News / Africa

Niger: Saif al-Islam Gadhafi Would be Transferred Over to ICC

Saif al-Islam, the son of Libyan leader Moammar Gadhafi, August 23, 2011. (file photo)
Saif al-Islam, the son of Libyan leader Moammar Gadhafi, August 23, 2011. (file photo)

The International Criminal Court (ICC) is trying to arrange the surrender of Saif al-Islam Gadhafi, who is on the run and could be heading for Niger.

The new civilian government in Niger says the eldest son of late Libyan leader Moammar Gadhafi would be turned over to the court if he arrives in the country. 

Saif al-Islam Gadhafi has been on the run since he and his father, the late Libyan leader Moammar Gadhafi, fled Tripoli in August.  ICC prosecutors say they are trying to arrange his surrender on charges of crimes against humanity.

Throughout Libya's rebellion, several convoys of Gadhafi allies have crossed into Niger on what the government in Niamey calls humanitarian grounds.  

Habi Mahamadou Salissou is a senior member of Niger's coalition government.  He says surrender is Saif al-Islam's best option.

If the International Criminal Court is in talks with him, Salissou says, it is best that Saif al-Islam go of his own accord, rather than be hunted and caught by Libyans, who, Salissou says, will end up killing him as they did his brother and father.

Salissou says Niger does not know where Saif al-Islam is hiding, but that if he is in Niger, the government will discuss how best to transfer him to the International Criminal Court.

Because Niger is a signatory to the international court, Salissou says, it is obliged to respect its commitments.  But it will do so while protecting the life of all those on Nigerien soil.

Moammar Gadhafi remains popular among ethnic Tuaregs in Niger and Mali, many of whom fought in his army.  The late Libyan leader backed, then helped negotiate the end of, Tuareg rebellions against the governments in Niamey and Bamako.

The two countries say they are working together with Tripoli's interim leaders to arrange for the return to Libya of some Tuareg veterans of the Gadhafi army.  Large groups of armed Tuaregs who fled Libya are raising concerns about renewed instability in northern Niger and Mali as well as the spread of weapons to al-Qaida affiliated terrorists in the Sahel.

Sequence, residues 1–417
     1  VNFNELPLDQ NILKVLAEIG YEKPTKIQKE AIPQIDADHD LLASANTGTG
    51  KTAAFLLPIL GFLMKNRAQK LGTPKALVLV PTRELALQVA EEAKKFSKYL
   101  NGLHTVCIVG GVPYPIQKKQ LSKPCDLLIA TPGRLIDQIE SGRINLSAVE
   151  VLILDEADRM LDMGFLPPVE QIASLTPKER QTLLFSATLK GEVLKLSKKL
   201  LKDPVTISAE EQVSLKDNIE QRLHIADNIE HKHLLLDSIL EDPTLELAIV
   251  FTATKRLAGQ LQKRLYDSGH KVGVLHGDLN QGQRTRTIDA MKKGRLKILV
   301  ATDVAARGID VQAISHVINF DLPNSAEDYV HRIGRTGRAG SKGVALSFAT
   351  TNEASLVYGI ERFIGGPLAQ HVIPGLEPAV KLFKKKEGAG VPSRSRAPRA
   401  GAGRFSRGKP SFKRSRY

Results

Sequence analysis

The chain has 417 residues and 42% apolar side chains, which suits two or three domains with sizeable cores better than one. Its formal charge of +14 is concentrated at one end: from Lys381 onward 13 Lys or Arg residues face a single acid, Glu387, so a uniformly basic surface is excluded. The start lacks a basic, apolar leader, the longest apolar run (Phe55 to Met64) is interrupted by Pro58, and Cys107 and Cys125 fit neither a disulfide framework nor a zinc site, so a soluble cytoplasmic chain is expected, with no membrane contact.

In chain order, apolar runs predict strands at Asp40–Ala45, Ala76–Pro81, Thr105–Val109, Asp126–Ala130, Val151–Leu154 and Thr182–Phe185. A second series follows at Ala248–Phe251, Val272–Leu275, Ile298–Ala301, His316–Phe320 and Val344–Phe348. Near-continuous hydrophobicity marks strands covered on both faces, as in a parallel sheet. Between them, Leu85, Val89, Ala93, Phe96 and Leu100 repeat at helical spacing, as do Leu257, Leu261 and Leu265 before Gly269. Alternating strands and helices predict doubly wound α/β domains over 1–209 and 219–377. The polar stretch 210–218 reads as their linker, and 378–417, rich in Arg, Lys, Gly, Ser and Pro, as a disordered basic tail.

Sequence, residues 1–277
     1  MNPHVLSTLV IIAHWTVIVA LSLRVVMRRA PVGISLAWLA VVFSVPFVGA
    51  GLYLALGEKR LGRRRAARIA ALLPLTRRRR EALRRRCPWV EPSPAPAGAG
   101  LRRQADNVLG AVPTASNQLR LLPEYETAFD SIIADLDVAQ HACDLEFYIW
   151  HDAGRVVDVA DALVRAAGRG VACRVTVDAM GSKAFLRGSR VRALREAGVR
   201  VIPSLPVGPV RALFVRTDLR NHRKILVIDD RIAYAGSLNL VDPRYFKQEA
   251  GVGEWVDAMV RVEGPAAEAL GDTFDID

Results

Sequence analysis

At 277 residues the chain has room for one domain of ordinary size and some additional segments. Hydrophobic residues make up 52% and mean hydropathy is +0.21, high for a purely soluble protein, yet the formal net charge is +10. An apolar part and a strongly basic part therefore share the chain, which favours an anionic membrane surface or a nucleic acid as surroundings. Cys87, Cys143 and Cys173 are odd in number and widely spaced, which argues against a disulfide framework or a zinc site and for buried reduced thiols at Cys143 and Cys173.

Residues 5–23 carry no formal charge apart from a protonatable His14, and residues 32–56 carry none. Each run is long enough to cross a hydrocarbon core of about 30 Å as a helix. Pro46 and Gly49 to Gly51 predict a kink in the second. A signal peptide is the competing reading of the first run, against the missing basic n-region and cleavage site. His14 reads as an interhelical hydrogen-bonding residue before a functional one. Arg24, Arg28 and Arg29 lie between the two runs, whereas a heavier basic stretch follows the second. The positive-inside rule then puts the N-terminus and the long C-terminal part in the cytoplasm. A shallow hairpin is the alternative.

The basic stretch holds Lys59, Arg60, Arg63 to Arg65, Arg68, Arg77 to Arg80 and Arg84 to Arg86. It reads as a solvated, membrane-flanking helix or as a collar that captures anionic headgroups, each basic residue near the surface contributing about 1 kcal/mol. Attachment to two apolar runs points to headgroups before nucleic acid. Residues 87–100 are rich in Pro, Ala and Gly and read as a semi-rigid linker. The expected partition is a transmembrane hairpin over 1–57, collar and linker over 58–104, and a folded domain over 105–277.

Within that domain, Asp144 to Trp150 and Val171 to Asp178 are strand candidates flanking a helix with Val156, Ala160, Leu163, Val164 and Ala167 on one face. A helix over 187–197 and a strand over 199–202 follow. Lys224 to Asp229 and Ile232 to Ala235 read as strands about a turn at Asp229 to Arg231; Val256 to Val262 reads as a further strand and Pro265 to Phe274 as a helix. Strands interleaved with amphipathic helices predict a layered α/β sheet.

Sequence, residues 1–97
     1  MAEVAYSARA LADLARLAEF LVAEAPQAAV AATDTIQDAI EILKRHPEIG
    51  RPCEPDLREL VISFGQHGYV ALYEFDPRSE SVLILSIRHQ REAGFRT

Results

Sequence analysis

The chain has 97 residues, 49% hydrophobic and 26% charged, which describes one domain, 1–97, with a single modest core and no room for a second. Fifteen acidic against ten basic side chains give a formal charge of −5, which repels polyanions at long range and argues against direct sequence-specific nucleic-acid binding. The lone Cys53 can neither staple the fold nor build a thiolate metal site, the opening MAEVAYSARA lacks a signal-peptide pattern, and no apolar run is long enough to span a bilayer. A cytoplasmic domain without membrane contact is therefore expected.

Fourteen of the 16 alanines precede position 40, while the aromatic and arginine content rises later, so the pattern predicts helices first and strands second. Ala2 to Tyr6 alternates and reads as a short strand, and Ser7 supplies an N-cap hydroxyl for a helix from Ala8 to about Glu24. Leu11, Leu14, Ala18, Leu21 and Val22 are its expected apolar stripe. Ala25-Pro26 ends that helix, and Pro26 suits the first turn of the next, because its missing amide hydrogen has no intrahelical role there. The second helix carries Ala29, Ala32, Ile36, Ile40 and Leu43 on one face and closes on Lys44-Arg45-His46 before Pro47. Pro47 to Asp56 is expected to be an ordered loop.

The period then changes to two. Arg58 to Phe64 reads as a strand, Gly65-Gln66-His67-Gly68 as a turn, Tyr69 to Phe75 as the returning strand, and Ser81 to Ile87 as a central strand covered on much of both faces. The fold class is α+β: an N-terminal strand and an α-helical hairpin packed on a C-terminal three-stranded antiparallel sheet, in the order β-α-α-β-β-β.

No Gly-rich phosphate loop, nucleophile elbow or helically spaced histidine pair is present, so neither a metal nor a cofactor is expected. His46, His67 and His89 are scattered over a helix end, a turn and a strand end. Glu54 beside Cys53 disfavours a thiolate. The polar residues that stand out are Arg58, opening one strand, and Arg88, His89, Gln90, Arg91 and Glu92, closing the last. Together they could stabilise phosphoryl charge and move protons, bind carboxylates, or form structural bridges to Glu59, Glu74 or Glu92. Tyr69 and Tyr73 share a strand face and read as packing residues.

You May Like

Australia Knights Prince Philip, Sparking National Outrage

Abbott's surprise reintroduction of knights and dames in the country's honors system last year drew criticism that he was out of touch with national sentiment More

SAG Award Boosts 'Birdman' Oscar Hopes

Individual acting Oscars appear to be sewn up: SAG awards went to artists who won Golden Globes: Julianne Moore, Eddie Redmayne, Patricia Arquette, J.K. Simmons More

Katy Perry Lights Way for Super Bowl's Girl Power Moment

Pop star's selection to headline US football championship's halftime show extends NFL's trend of selecting artists who appeal to younger viewers More

This forum has been closed.
Comments
     
There are no comments in this forum. Be first and add one

Featured Videos

Your JavaScript is turned off or you have an old version of Adobe's Flash Player. Get the latest Flash player.
Zoo Animals Show Their Artistic Sidesi
X
June Soh
January 23, 2015 10:03 PM
The pursuit of happiness is so important, America's founding fathers put it in the Declaration of Independence. Any zookeeper will tell you animals need enrichment, just like humans do. So painting, and even music, are part of the Smithsonian National Zoo's program to keep the animals happy. VOA’s June Soh met some animal artists at the zoo in Washington. Faith Lapidus narrates.
Video

Video Zoo Animals Show Their Artistic Sides